Austenitic Stainless Steels

Austenitic stainless steels contain a minimum of 16% chromium and 6% nickel. They range from basic grades like 304 through to super austenitics such as 904L and 6% Molybdenum grades.

By adding elements such as Molybdenum, Titanium or Copper, the properties of the steel can be modified. These modifications can make the steel suited to high temperature applications or increase corrosion resistance. Most steels become brittle at low temperatures but the Nickel in austenitic stainless makes it suited to low temperature or cryogenic applications.

Austenitic stainless steels are generally non-magnetic. They are not able to be hardened by heat treatment. Austenitic stainless steels rapidly work-harden with cold working. Although they work harden, they are the most readily formed of the stainless steels.

The principal alloying elements are sometimes reflected in the name of the steel. A common name for 304 stainless steel is 18/8, for 18% chromium and 8% nickel.

Our Stainless Steel Pipes meets mainly the following standards:


Iron and Steel Products Steel Piping, Steel Tubing, Fittings

  • A 213 / A 213M-09 -Seamless ferritic and austenitic alloy steel boiler, superheater and heat exchanger tubes
  • A 268 / A 268M -Seamless and welded ferritic and martensitic stainless steel tubing for general service
  • A 269 / A 269M - Seamless and welded austenitic stainless steel tubing for general service
  • A 312 / A 312M - Seamless and welded austenitic stainless steel pipes
  • A 450 / A 450M-03 -Standard Specification for General Requirements for Carbon, Ferritic Alloy, and Austenitic Alloy Steel Tubes
  • ASTM A511 - Seamless Stainless Steel Mechanical Tubing and Hollow Bar
  • A 789 / A 789M -Seamless and welded ferritic-austenitic stainless steel tubing for general service
  • A 790 / A 790M-08 - Seamless and welded ferritic-austenitic stainless steel pipe

*Note: Section Two: Nonferrous Metals Nickel, Cobalt, Lead, Tin, Zinc, Cadmium, Precious, Reactive, Refractory Metals and Alloys; Materials for Thermostats, Electrical Heating and Resistance Contacts, and Connectors


The American Society of Mechanical Engineers (ASME) is an American professional association

  • SA 213 / SA 213M - Seamless ferritic and austenitic alloy steel boiler, superheater and heat exchanger tubes
  • SA 268 / SA 268M - Seamless and welded ferritic and martensitic stainless steel tubing for general service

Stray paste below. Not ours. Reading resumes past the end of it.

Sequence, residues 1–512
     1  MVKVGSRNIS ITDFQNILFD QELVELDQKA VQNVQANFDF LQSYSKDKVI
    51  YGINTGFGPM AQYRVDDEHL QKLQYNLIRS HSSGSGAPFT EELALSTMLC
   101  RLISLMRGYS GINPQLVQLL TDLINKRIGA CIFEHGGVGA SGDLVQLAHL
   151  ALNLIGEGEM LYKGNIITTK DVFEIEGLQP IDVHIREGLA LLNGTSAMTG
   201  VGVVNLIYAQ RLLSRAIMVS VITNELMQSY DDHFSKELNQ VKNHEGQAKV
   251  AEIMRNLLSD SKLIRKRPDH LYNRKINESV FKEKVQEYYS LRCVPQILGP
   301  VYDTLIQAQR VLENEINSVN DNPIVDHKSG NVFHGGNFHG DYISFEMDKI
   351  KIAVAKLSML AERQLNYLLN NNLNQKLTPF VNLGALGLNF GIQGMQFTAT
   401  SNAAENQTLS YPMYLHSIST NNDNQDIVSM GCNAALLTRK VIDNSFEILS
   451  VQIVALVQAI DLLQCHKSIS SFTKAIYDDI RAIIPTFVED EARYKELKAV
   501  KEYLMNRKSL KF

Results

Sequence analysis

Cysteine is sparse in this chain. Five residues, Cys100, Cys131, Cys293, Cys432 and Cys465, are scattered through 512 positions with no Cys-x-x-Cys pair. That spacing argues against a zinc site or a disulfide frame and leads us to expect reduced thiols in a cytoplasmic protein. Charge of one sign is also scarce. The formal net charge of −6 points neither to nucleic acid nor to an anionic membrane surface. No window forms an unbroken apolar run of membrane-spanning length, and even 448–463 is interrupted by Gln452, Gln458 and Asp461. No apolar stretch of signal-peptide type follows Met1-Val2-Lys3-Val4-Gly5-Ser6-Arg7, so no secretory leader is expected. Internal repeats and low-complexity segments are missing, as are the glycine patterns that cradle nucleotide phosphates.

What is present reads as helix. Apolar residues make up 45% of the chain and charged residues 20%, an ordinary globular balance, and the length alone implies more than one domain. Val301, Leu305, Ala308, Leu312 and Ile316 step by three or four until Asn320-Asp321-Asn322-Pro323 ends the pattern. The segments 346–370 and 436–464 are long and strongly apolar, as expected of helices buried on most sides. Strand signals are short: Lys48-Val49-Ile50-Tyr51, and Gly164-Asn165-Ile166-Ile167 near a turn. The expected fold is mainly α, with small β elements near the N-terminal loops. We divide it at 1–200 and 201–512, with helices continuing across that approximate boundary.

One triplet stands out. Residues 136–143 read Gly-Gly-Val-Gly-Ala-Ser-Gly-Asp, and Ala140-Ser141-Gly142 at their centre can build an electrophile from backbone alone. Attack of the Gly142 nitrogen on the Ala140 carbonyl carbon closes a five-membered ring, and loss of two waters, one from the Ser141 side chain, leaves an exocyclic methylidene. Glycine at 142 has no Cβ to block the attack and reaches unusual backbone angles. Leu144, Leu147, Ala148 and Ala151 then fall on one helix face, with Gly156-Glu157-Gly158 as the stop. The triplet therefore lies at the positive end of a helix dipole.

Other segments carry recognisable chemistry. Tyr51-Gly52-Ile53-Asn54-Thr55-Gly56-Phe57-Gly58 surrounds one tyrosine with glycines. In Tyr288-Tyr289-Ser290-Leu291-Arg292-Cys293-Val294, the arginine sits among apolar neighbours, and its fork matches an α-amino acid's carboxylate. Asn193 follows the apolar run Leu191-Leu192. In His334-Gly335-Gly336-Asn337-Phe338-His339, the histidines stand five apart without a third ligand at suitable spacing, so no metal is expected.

• SA 269 / SA 269M - Seamless and welded austenitic stainless steel tubing for general service
  • SA 312 / SA 312M - Seamless and welded austenitic stainless steel pipes
  • SA 511 - Seamless stainless steel mechanical tubing
  • SA 789 / SA 789M - Seamless and welded ferritic-austenitic stainless steel tubing for general service
  • SA 790 / SA 790M -Seamless and welded ferritic-austenitic stainless steel pipe


Stainless and heat resisting steels

  • UNI 6904 -Seamless tubes of special alloyed corrosion and heat resisting stainless tubes
  • Duplex 2507 (UNS S32750) is a super duplex stainless steel with 25% chromium, 4% molybdenum, and 7% nickel designed.
  • Duplex 2205 (UNS S31803), or Avesta Sheffield 2205 is a ferritic-austenitic stainless steel.
  • SUPER DUPLEX UNS S32760 - is a super duplex stainless steel, so-called due to its higher Chromium and Molybdenum content.


  • GOST 633-80 - Tubing is used for oil and gas production. Tubing shall be made seamless, plain or upset and coupling with high-seal connections.
  • GOST 9940 - Seamless stainless steel tubes, hot finished
  • GOST 9941 - Seamless stainless steel tubes, cold and hot finished
  • TU 14-3-460 - Seamless Steel Pipes for Steam Boilers and Pipelines


All European standards have their own national designation (example NF EN 10216-5 DIN EN 10216-5 BS EN XXXXX UNI EN XXXXX ..)

  • EN 10216-5* - Seamless steel tubes for pressure purposes
  • EN ISO 1127 - Seamless stainless steel tubes (Dimensions and weights)
  • DIN 2391 - Seamless precision steel tubes
  • DIN 17175 - Heat-resisting seamless steel tube

*Note: This European standard is replacing old national standards for pressure purpose (DIN 17458 DIN 17459 NFA 49117 NFA 49217 NFA 49218 BS 3605 BS 3605-1 etc…


  • JIS G 3459 - Stainless steel pipes
  • JIS G 3463 -Stainless steel boiler and heat exchanger tubes